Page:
Have company visiting for the holidays? Instead of a trip to the Empire State Building, take your guests on one of these NYC tours, which showcase the city’s dynamic culture and unique history – from the birthplace of hip hop to the beginnings of beer breweries. Great tours do more than show you landmarks. They help you understand a city by providing context, detailing history, and sharing insidery secrets. They get you off the bus and out walking around. The seven tour companies that follow do all that, and so much more. By Jessica Allen.
Urban Oyster is dedicated to “revealing the hidden pearls of New York City’s neighborhoods.” The “Brewed in Brooklyn” tour focuses on the borough’s beery past, including a stroll down former “Brewers Row,” stories about the German immigrants who brought the craft of lager- and ale-making to the new world, and a behind-the-scenes tour at one of three present-day breweries. There’s also a pizza and beer lunch. The “Immigrant Foodways: A Neighborhood and Market Tour” explores the Latin American vendors at the Moore Street Market, offers oral histories from residents of this East Williamsburg neighborhood, and concludes with a recipe booklet.
Since 1998, Harlem Heritage Tours has been showing visitors around the churches, clubs, restaurants, stores, and streets of upper Manhattan. All tours are led by people who were born and raised in the neighborhood. The “Jazz/Music Bar Hop,” on Friday and Saturday nights, takes you to the key venues in the history of Harlem’s music scene. If you have a little too much fun, you can sign up for the “Harlem Gospel Tour” on Sunday morning. This extremely popular four-hour excursion lets participants experience an actual gospel service.
Anyone who says New Yorkers are rude has never spent much time in the city, or met a Big Apple Greeter. This free public service matches locals, who donate their time and are not professional tour guides, with visitors, who want to see the city through a New Yorker’s eyes. (To get a Greeter, you have to fill out a Visit Request Form, listing your special interests and choices for neighborhoods to visit. Many opt for “Greeter’s choice.”) The Greeter then takes the visitors on a tour of a particular neighborhood, pointing out interesting features and sharing facts and memories along the way. Founded in 1992, Big Apple Greeters now has 300 volunteers and has served more than 10,000 visitors.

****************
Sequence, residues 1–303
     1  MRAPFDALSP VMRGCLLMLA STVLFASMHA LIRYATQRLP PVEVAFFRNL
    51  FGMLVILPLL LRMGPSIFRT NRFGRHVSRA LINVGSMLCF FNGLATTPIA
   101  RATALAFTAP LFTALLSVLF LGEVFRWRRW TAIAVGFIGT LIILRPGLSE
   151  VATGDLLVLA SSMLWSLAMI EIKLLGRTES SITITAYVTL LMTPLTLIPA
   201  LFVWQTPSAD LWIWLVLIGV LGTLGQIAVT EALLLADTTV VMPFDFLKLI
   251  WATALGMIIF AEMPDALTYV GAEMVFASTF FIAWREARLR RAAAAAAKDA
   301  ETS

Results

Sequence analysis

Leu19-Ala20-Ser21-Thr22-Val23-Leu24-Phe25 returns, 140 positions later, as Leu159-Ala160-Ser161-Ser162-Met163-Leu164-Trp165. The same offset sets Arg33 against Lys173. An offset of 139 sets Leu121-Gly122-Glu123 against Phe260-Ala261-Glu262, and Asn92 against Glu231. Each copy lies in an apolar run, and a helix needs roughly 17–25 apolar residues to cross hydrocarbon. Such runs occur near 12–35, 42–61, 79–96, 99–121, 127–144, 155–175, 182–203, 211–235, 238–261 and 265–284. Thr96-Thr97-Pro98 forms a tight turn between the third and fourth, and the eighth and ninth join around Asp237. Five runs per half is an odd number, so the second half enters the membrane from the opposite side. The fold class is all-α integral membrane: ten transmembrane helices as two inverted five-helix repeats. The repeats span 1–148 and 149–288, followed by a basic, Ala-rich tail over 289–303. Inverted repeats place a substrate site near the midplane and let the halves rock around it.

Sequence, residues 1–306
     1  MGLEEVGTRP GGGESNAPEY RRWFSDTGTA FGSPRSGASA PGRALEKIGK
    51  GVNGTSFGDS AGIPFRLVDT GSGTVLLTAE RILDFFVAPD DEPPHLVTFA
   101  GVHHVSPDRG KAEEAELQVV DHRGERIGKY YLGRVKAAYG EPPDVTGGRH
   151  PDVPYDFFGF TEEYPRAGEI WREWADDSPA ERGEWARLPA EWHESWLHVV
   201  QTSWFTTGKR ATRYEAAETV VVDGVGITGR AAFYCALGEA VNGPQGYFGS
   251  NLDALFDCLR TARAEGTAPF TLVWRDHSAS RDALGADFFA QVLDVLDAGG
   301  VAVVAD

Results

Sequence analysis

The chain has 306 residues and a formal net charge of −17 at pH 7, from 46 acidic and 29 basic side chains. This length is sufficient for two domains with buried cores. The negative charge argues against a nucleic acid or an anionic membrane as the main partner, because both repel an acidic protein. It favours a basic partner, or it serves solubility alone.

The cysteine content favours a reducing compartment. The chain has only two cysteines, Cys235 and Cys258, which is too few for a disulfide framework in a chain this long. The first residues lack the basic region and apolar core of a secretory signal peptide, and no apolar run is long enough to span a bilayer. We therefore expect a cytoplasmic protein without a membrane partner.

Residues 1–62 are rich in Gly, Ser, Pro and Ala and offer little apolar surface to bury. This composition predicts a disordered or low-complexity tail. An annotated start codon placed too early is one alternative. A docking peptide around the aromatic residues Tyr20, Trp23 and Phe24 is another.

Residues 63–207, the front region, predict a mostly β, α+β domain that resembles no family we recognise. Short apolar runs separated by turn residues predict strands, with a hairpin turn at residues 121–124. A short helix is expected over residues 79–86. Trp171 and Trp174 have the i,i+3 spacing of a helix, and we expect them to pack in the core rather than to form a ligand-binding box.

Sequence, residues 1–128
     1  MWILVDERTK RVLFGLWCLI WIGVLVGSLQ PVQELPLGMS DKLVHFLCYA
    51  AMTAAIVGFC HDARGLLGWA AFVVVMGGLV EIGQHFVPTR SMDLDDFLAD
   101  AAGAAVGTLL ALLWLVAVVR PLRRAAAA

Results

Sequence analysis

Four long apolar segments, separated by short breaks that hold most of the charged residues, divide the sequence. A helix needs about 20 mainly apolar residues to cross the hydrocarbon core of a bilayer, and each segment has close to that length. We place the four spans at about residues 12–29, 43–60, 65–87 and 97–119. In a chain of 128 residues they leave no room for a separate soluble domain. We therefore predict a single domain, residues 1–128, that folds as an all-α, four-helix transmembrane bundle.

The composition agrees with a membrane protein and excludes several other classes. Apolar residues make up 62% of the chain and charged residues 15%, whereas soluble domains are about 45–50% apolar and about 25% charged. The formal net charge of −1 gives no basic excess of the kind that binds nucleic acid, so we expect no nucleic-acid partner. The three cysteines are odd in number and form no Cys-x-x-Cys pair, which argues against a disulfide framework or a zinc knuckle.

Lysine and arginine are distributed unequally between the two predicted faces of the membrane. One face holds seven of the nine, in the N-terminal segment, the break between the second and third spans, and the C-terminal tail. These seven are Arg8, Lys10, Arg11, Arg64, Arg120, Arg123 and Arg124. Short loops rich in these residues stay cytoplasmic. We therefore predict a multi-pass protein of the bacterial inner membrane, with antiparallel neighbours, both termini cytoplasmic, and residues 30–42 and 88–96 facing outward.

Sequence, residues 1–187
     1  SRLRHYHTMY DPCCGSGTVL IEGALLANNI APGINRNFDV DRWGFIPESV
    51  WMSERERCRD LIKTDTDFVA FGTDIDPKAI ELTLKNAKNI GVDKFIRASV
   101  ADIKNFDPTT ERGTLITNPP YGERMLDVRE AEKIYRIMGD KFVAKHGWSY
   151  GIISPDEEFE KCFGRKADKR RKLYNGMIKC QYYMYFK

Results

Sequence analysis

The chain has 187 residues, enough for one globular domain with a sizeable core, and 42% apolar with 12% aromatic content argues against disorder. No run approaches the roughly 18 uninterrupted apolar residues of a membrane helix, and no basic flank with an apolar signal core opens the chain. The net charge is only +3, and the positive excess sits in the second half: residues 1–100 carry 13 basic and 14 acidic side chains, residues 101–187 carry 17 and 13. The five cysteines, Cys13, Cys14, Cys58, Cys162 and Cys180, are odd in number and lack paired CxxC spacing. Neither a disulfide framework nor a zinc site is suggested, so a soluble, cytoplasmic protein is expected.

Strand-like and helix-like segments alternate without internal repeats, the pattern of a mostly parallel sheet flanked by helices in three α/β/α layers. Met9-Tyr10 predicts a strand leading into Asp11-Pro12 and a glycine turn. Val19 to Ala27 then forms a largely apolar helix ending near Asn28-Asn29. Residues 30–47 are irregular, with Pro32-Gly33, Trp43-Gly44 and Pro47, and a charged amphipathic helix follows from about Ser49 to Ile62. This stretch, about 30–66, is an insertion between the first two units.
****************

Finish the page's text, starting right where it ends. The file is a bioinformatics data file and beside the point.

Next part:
Noshwalks are “culinary walking tours.” More than 35 different tours cover every borough and just about every ethnic food culture in the city, from the south Asian, Korean, and Chinese goodies to be had in Flushing, Queens, to tacos, tostadas, and mucho mas at Latin American restaurants in Sunset Park, Brooklyn, to the seasonal tour featuring Italian specialties and holiday lights in Dyker Heights, Brooklyn. If the regular tours don’t stimulate your appetite, you can schedule a custom-designed tour that better suits your taste buds. Myra Alperson, who runs Noshwalks, has been helping hungry, curious people get sated since 1983, when she co-founded Hungry Pedalers Gourmet Bicycle Tours, the first bicycle tour company to combine eating, bicycling, and adventure in New York.
Run by professional photographers, Citifari takes small groups on photo tours around Manhattan. You don’t need to be a professional, but you do need to bring your own camera, as well as a willingness to learn coupled with a lot of enthusiasm. Citifari’s guides show you captivating vantage points and offer tips for shooting some of the city’s most iconic landmarks on each roughly 2.5-hour, 2-mile excursion. The “Central Park” tour showcases the country’s largest urban park, while the “Night Tour” lets you learn the tricks to capturing the city that never sleeps, via nocturnal visits to such places as 42nd Street, the United Nations headquarters, and the Chrysler Building.
The Municipal Art Society (MAS) offers tours of the city led by urban geographers, architectural and art historians, writers, teachers, architects, and a lot of other VSPs (very smart persons). “Kleindeutschland” shows you the East Village through German eyes, taking participants back to a time when the area was the center of German culture in New York City, while the “Corona Circuit” will introduce you to this bustling, diverse part of Queens and “East Modern Midtown” will point out the marvels of mid-century modernism to be spied between 39th and 57th Streets. Small groups mean the tours sell out fast.
Three days a week, the celebrity guides of Hush Tours lead groups around Harlem and the Bronx, discoursing on significant sites along the way. “The Birthplace of Hip Hop” visits key sites like Rucker Park, where Kareem Abdul-Jabbar and Wilt Chamberlain played basketball, and the Graffiti Wall of Fame, founded to give artists a safe, secure space to show off their aerosol skills. Tour guides include Kurtis Blow, DJ Kool Herc, Rahiem (Furious Five), and other legendary emcees, who share their own experiences in the genre and neighborhoods.